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Jordan: Finding new ways to cope with a very different future

Francine Uenuma, Save the Children in Jordan

ZA’ATARI CAMP, Mafraq, Jordan –  Home to 130,000 people and counting, Za’atari is a massive, sprawling sea of tents and caravan-like structures serving as home, all of it blanketed in a thick coat of dust. It’s hard to distinguish one row from another, but dotting the landscape are a few playgrounds, brightly painted murals on the side of Child Friendly Spaces, kindergartens, and a soccer pitch where teenage boys can break from daily life in the camp – especially rough for young people at a loose end – for a series of drills from instructors.

One of these safe spaces is Save the Children’s multi-activity centre for teenage girls, where they can learn skills from new languages to crafts. Today they are making soap, their props a mountain of glycerine, olive oil, a propane burner, and gloves covered in dye. Saba*, 16, tells us, “when I go back to Syria, I will teach other girls this and maybe start my own business.”

In another room, photojournalist Agnes Montanari, who is a consultant with Save the Children, is listening intently to a radio broadcast. The reporter behind it is a teenager who has gone out into the camp and interviewed two families about a problem they are having with their sewage. The trucks don’t come by often enough, they tell her, so they have had to dig holes and dispose of it. They are concerned that their children may fall in, and about the health issues. The reporter then follows up with staff from an organisation at the camp that helps with sewage disposal and includes this interview in her broadcast.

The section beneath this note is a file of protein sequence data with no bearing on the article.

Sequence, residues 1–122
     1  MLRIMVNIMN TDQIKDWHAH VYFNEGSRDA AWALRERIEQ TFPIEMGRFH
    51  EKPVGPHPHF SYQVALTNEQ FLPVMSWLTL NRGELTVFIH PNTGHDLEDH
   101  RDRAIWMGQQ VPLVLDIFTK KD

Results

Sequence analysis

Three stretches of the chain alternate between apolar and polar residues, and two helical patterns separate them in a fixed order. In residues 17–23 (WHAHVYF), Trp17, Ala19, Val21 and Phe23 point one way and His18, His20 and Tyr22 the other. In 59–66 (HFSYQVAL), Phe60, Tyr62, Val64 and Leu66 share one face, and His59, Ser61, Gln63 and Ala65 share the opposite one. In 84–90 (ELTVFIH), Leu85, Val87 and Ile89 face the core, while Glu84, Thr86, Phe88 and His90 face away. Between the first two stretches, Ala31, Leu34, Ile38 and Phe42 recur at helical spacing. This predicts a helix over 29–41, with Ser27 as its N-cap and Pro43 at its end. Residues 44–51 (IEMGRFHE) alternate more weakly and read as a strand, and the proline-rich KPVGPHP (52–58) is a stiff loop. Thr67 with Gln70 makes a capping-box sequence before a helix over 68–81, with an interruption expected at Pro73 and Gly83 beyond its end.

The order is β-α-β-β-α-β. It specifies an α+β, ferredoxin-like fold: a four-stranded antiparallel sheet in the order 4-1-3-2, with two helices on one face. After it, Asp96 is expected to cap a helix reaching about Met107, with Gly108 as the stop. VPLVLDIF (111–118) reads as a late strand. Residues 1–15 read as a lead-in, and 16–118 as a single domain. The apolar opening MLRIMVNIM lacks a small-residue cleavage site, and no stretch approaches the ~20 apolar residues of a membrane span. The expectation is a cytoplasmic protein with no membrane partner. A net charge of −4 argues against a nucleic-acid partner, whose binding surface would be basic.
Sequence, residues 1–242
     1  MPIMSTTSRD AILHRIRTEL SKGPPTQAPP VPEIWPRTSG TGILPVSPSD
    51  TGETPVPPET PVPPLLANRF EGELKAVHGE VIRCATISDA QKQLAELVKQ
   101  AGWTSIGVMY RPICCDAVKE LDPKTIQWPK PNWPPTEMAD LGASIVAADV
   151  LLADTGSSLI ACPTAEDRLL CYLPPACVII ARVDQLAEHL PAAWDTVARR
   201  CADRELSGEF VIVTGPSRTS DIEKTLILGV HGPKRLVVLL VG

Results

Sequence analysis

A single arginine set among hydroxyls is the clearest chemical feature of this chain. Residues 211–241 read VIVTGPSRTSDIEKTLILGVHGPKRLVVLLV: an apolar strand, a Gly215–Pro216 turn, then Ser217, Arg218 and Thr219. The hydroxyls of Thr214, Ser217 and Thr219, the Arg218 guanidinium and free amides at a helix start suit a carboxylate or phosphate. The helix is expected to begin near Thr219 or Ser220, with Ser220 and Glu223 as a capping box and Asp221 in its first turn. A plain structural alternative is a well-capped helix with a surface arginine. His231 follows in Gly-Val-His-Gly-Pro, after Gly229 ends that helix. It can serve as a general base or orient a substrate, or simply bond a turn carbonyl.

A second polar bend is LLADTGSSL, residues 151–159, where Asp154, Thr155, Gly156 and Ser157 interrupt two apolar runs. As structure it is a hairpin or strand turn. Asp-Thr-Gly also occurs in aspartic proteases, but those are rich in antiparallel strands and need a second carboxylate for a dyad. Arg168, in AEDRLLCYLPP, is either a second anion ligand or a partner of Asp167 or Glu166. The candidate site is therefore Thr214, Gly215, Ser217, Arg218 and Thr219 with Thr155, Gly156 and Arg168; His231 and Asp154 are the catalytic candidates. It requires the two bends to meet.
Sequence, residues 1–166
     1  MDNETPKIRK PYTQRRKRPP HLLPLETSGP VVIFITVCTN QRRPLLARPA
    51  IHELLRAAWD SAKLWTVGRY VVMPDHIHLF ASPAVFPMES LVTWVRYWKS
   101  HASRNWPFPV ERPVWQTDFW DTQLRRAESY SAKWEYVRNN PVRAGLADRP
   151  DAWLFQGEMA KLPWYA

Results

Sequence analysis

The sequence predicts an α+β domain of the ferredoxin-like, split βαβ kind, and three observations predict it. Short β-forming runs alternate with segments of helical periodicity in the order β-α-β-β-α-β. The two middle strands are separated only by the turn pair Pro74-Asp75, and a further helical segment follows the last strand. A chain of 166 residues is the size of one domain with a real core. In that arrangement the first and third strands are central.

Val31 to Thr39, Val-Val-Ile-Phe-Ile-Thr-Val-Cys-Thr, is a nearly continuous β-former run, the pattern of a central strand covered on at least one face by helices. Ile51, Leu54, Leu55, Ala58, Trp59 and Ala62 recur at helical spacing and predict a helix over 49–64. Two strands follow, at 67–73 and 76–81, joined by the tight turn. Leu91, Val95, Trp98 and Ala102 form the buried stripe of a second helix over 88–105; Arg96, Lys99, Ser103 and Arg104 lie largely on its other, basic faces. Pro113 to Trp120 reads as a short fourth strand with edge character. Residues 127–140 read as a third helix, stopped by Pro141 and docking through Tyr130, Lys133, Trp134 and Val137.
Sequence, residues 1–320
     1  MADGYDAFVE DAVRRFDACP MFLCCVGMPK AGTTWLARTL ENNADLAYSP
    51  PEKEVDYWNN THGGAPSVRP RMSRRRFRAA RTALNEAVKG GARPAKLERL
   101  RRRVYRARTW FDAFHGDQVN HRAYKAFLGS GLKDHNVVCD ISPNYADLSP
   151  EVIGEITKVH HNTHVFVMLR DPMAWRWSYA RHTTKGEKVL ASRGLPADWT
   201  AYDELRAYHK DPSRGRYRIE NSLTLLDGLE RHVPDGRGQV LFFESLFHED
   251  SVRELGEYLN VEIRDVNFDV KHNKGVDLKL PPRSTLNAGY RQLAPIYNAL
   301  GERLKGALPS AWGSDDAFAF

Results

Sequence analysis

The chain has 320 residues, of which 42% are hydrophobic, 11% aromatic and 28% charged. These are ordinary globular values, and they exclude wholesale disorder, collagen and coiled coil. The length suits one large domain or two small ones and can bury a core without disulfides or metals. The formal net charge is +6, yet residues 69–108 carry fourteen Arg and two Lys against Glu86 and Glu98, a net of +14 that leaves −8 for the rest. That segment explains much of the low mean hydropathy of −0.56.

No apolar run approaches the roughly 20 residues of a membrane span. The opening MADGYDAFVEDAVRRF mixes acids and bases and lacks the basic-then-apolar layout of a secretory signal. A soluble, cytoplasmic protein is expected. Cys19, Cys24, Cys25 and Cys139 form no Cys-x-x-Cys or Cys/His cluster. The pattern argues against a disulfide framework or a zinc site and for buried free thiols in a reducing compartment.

A new perspective through photography

Montanari has a similar project for photography, where teens can take photos to document their experiences and environment. She says she came here hoping to help young people tell their own story and shape the narrative around their experience – and by doing so, find a new perspective.

“Using a camera is like having new eyes to see everyday things in a different way,” she says. “Instead of being victims, these teenagers become actors again. After the first three months, one of my students said that taking pictures had allowed him to see beautiful things in the camp. The other important aspect of the class…was allowing the students to express themselves, not only talking about their life in Syria but also about their hopes and dreams. For some of them, becoming a photographer or a photojournalist has become a goal.”

She also says that learning these skills has helped them to become more focused and better articulate their thoughts.

It’s critically important to maintain these spaces within Za’atari – to give children and teens a safe and comfortable environment to learn skills, make new friends, and find new ways to cope with the very different future they now face.

*Names have been changed to protect identities

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